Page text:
We didn’t get to meet the teacher on Wednesday because they didn’t assign my son a teacher, plus my meeting wasn’t scheduled until Thursday. Do I have to say that the boy was pretty bummed?
At the meeting I was met only by the principal and the assistant principal this time. They tried to bombard me with statements such as: We want him to be successful. His success is our top priority. It’s in his best interest. We can observe him for a week and if he’s exceeding in every ares of the third grade classroom, then we’ll move him to the fourth grade class, yada yada yada!
My question was: Is this the protocol for all homeschooled students who are returning to the traditional school setting?
Their corroborated answer: Well, we’re basing our recommendation on the same recommendation that we reached last year, before you withdrew him.
Me: Well, why aren’t recommending that he goes back to second grade, since that was your last recommendation?
Them: No answer. (Literally, they had no response. Neither of them.)
Me: So it doesn’t matter that I used a State of Texas third and fourth grade curriculum to home school him?
Principal: Unless you kept grades in a grade book, then we’d consider that. Or if you have report cards.
Me: Well, what about  all of this school work that I have here, that he did! Can you test him?
Principal: He’ll have to score 90% or better in every test area, to be placed in his correct grade. It’s pretty rigorous.
Me: Sounds like it’s next to impossible for him or any child to pass.
In the end, I walked out of that school without having accomplished anything.  If ever I felt prejudged in my life, it was in this situation. From the moment I handed those administrators my son’s records from “Detroit, MI” until I walked out the front door for the absolute last time.
They didn’t even give my child a chance. They judged him (misjudged him, if I may add) no sooner than they learned that we were from Detroit. I felt bad for my son. He’d worked so hard and they would never know how awesome he is and how much he’d accomplished educationwise because they’d already had their small minds made up about him.

After speaking to several teachers in Katy ISD they concurred what I’d suspected the previous school year: Eff your feelings! Our test scores mean way more than you and your child’s feelings. Eff that you two worked hard all school year. Eff that you tested him and he tested above grade level. Eff all that! We take the Star test in November and we’re not about to chance effing up our scores, all because you decided to drag your little Detroit half-educated child down here to our magnificent school!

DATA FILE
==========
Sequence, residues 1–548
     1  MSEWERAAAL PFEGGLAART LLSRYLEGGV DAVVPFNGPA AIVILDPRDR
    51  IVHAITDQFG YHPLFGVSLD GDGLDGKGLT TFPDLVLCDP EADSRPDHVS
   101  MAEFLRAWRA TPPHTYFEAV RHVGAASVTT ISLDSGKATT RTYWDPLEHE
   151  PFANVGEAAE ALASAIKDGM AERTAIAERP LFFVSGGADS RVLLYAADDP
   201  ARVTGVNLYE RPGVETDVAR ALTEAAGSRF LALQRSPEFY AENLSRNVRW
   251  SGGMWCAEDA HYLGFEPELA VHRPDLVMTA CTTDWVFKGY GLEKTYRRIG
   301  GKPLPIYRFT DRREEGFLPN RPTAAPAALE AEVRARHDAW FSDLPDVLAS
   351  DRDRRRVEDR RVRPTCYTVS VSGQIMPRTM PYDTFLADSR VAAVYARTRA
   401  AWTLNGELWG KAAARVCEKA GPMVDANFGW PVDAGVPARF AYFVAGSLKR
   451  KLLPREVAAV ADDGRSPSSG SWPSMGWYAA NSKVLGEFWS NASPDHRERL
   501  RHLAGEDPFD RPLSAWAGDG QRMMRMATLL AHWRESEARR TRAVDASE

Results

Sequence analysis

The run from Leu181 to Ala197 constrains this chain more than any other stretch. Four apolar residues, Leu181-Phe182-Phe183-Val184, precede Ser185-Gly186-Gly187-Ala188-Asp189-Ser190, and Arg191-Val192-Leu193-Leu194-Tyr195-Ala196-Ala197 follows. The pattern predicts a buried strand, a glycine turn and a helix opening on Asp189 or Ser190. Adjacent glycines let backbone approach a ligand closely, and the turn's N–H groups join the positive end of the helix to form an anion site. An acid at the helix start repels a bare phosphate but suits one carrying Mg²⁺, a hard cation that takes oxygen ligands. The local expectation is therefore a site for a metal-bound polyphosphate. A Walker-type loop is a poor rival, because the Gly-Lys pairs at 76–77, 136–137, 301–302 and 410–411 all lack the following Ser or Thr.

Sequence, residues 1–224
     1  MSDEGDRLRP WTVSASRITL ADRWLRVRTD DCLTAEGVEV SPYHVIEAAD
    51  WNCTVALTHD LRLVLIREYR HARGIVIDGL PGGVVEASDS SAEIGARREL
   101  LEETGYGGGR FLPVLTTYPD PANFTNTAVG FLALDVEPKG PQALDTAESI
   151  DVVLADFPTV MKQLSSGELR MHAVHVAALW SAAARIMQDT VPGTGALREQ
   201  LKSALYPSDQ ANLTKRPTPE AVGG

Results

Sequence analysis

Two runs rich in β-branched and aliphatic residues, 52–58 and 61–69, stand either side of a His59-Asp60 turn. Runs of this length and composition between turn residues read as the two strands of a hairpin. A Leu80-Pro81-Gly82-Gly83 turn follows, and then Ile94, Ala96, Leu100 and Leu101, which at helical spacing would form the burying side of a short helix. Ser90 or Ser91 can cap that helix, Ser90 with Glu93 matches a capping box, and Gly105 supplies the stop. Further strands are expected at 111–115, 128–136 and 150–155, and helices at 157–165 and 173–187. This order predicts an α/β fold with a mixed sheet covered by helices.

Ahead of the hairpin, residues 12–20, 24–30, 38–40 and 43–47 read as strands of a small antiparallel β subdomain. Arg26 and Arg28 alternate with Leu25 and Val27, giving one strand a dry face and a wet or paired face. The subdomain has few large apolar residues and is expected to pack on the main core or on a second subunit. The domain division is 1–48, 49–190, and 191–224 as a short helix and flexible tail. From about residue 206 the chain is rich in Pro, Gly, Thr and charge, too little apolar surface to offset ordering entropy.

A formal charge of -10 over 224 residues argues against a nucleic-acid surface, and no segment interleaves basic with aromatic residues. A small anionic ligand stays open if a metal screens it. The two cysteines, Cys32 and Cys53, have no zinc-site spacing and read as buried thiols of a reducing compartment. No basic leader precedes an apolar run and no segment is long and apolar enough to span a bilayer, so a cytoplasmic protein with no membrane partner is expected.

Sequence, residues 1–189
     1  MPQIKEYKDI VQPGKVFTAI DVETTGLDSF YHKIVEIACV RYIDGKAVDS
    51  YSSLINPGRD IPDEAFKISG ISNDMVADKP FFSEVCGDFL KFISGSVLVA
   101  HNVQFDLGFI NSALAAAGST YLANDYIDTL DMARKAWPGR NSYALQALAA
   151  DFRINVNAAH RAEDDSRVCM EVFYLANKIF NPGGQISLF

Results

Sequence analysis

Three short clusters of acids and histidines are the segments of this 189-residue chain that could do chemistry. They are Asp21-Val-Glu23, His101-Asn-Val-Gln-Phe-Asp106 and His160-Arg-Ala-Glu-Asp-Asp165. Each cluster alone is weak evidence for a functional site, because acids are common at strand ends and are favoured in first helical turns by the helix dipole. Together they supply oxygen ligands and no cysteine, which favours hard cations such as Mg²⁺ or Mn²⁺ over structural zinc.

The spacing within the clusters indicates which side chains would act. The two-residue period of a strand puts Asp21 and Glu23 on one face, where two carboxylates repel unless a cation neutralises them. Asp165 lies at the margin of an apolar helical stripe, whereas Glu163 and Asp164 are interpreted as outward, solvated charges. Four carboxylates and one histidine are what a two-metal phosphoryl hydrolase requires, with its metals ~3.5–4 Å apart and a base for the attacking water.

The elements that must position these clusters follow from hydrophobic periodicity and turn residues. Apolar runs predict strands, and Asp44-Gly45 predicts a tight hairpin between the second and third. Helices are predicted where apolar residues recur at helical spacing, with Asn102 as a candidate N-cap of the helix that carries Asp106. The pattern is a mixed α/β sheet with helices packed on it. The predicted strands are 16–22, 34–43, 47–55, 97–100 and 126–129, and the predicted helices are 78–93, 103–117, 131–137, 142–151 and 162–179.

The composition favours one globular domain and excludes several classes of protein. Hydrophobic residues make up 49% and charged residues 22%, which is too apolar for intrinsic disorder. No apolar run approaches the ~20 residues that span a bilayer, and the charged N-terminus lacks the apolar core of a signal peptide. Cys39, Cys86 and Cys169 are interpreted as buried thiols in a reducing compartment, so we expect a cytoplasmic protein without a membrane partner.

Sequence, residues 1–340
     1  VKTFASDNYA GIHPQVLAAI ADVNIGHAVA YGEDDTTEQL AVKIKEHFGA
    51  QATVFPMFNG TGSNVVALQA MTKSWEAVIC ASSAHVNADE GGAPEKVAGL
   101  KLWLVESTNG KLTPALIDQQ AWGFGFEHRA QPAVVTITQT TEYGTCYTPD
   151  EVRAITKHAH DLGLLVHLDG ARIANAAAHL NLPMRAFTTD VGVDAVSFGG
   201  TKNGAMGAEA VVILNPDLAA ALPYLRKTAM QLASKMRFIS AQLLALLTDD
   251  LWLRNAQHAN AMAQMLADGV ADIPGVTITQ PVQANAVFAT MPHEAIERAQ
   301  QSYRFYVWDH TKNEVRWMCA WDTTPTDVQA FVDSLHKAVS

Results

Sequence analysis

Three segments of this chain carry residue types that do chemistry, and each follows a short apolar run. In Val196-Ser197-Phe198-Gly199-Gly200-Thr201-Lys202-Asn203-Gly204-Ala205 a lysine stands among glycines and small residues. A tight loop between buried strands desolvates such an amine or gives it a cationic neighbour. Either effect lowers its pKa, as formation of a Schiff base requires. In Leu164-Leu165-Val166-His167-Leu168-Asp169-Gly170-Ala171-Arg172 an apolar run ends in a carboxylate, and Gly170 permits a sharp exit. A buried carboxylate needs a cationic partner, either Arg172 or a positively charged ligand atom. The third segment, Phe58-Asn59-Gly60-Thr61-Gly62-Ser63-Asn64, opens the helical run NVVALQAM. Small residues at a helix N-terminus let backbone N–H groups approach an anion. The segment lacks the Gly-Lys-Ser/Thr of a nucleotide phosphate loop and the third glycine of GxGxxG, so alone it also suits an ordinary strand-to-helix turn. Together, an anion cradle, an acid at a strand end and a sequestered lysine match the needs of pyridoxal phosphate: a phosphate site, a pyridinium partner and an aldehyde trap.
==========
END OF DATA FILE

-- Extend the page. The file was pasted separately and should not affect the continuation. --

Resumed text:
They weren’t interested in none of his school work that I’d bought to the meeting. They didn’t care to hear him read, witness his ability to comprehend what he’d read, they didn’t want to see him write, or care that he knew his multiplication facts, fractions, how to tell time, count money, place values or read a number line.
None of that mattered.
State and district test scores are all that matter!

Three months into the school year and I’m ecstatic with the progress that my little homeschooler is making. He was disappointed that he wasn’t going to attend school with his peers, but he’s since gotten over it. He’d rather stay home and do school than to do third grade work again.
I considered going to the PTA and the district Superintendent about this matter, but after speaking to several teachers and parents I knew my efforts would be in vain. I wouldn’t be exposing any dirty little secrets. I wouldn’t be blowing the whistle on anything that the district wasn’t already aware of.
So what would be my next course of action? How about exposing them to the very passionate and extremely opinionated world of blogging moms, dads, cousins, uncles, aunties, grandparents, etc.?
I’m eager to see their reaction to being bombarded!

The Littlest Boy reading. Reading slightly above grade level! Take that, West Memorial Elementary!

 

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Numbers Trumps Feelings Part I

When I first started considering the idea of relocating my family, the one thing that concerned me most was, taking my children from a lackluster educational environment to a phenomenal one. I knew (without truly knowing) that the Texas school curriculum was going to be more advanced and rigorous, than what we’d grown accustomed to in Michigan.
Out of my three school-aged children, I was only concerned for the younger two.
Two of my children have the tendency to start the school year off on the weak side. They struggle in mainly in the area of reading (on and above their grade level). But with my usual and constant help, along with a willing, supportive and patient teacher, I was certain that both of them would be able to kick it in high gear and get on the same page as their peers.